Create "appending" section that can be partially dead stripped

Hi,

Is there a way in llvm IR to emit multiple data elements within a single compilation unit that
a) are guaranteed to appear sequentially in the final binary (in the order they appear in the llvm IR), and
b) will be removed on an individual basis by the optimizers and/or linker in case they are not referenced from anywhere
?

Defining them as "appending" puts them all into a single section definition, even when compiling with -fdata-sections, so as soon as one of the symbols in that section is live, all of them will remain live.

Example:

What happens if you drop appending linkage? I think it will just work, since you are already using a custom section, which will ensure that all the data appears contiguously in memory.

Although, I do worry about what LLVM’s alias analysis will say about this… I don’t think LLVM allows GEPing from one global to another, and at the end of the day, you’ll GEP from an external global representing the section start through to the elements of the array to section end.

What happens if you drop appending linkage? I think it will just work,
since you are already using a custom section, which will ensure that all
the data appears contiguously in memory.

Thanks for the suggestion, but it still puts everything in a single .section statement.

Although, I do worry about what LLVM's alias analysis will say about
this... I don't think LLVM allows GEPing from one global to another, and
at the end of the day, you'll GEP from an external global representing
the section start through to the elements of the array to section end.

That's true and an interesting point. However, wouldn't that mean that "appending" linkage and "section" globals in general are completely unusable from llvm IR and would only be safely usable from inline assembler or code not compiled by llvm? (unless you don't access such data as a contiguous block, but I guess that doesn't happen very often)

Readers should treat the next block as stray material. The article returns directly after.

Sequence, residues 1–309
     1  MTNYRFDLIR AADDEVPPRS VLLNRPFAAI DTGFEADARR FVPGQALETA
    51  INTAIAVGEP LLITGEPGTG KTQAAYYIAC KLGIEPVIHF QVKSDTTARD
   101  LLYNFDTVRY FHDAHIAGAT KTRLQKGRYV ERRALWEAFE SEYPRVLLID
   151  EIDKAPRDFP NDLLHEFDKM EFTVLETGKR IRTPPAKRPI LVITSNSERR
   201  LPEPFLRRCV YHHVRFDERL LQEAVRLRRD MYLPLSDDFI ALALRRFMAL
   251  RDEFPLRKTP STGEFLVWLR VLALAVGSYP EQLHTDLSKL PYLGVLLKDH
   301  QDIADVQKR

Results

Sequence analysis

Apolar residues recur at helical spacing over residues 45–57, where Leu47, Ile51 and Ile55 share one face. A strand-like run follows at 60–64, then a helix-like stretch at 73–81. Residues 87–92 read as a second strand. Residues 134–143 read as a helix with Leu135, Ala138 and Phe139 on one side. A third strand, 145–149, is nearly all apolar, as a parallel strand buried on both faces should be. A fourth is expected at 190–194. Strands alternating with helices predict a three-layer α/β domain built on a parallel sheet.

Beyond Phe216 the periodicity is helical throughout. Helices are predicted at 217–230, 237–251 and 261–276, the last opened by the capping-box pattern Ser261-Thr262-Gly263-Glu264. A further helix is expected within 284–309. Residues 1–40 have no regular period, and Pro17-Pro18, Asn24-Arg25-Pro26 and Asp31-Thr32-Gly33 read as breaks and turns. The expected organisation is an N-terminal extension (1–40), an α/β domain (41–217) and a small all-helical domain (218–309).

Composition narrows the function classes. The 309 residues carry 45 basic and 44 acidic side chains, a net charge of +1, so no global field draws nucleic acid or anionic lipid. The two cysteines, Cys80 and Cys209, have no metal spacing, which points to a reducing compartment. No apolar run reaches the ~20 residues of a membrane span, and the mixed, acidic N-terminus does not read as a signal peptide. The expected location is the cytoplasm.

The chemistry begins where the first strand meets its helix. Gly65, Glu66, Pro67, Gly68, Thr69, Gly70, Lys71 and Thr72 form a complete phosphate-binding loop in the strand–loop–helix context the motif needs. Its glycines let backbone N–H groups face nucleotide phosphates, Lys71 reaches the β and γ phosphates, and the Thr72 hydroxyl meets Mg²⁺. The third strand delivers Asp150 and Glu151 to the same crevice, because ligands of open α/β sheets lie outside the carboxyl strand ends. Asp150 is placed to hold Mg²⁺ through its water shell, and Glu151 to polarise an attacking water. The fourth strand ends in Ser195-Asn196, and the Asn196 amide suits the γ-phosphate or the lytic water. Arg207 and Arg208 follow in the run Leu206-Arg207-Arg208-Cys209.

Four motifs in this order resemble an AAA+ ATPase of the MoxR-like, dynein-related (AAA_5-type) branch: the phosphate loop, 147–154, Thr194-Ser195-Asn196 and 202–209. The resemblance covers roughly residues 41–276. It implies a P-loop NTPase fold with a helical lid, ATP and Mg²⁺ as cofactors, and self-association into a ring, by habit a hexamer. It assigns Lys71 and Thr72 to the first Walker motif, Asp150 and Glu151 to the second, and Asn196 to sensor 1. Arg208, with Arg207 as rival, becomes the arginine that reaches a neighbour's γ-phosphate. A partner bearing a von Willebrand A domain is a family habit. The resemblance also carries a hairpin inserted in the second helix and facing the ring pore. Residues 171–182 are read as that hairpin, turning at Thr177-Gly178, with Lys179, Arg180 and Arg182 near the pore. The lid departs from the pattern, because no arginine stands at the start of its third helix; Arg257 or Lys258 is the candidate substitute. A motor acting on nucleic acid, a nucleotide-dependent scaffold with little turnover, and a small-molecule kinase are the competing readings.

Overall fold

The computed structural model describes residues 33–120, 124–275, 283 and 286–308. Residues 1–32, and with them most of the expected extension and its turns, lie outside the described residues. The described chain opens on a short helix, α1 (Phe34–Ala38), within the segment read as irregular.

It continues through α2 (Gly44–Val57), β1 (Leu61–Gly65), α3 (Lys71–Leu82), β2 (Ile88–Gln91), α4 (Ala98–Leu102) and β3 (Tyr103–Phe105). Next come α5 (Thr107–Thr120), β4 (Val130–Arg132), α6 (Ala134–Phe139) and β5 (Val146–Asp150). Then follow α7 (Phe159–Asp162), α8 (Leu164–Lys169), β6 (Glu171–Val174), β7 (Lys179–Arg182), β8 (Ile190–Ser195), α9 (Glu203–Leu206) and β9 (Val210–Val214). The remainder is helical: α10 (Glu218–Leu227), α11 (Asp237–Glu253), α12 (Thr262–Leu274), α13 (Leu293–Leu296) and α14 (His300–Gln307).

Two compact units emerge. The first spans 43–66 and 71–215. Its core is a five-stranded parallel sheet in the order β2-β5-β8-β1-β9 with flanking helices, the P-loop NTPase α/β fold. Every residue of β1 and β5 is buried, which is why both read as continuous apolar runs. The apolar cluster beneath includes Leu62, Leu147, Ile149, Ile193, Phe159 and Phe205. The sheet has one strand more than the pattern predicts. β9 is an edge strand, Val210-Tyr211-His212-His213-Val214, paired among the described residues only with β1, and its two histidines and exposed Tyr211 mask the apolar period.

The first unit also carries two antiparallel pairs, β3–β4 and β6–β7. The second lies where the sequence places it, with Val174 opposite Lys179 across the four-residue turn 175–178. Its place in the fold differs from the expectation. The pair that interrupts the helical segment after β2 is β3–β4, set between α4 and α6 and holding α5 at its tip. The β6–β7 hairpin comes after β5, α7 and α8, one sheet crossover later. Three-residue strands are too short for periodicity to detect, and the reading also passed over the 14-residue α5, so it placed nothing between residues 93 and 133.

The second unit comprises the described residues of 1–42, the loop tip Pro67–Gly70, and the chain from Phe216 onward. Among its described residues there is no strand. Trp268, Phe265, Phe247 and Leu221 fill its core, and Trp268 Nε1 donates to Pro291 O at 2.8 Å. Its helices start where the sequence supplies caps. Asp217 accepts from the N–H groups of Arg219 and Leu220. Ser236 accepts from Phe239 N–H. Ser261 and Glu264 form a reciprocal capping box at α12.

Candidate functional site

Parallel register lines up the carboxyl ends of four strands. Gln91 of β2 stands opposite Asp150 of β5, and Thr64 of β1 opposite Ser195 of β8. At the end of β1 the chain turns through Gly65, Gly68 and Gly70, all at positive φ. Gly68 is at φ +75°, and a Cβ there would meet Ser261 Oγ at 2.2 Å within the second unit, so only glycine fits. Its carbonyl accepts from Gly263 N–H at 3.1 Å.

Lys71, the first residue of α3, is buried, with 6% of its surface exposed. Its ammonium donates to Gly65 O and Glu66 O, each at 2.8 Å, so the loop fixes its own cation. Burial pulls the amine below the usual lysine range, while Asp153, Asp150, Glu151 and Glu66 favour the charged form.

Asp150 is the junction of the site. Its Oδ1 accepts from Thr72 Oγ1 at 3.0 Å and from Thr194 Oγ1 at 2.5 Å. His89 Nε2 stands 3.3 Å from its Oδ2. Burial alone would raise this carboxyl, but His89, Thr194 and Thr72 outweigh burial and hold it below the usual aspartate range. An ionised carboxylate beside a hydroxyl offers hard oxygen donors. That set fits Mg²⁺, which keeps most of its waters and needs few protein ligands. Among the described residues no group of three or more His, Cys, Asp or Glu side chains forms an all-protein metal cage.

Jonas

Try giving the globals linkonce_odr linkage instead of external linkage
manually? This is essentially the effect of -fdata-sections, except it
happens later during codegen.

That one indeed works, thanks! (provided I process the .ll file with optimisations enabled).

Regarding the question whether the optimisers and analyses will deal correctly with me iterating over all of the elements in such a section, at least at first sight it seems that the test below looks fine when processed with full optimisations. That's of course no proof that there won't be any problems in any case.

However, I'm not sure how to add a symbol without data at the start and end of the section. Adding a [i32 x 0]-typed symbol still inserts a byte (see the @arrstart/@arrstop). I can't work with alias declarations to the first and last element, since then the first and last element will always be considered live.

Jonas

target datalayout = "e-p:64:64:64-i1:8:8-i8:8:8-i16:16:16-i32:32:32-i64:64:64-f32:32:32-f64:64:64-v64:64:64-v128:128:128-a0:0:64-s0:64:64-f80:128:128-n8:16:32:64-S128"
target triple = "x86_64-pc-linux-gnu"

define i32 @main() {
Entry:
  %sumvar = alloca i32

; make the second and third element live by directly referring them
  %eleptr1 = getelementptr [2 x i32]* @arr2, i64 0, i32 0
  %eleptr2 = getelementptr [2 x i32]* @arr3, i64 0, i32 0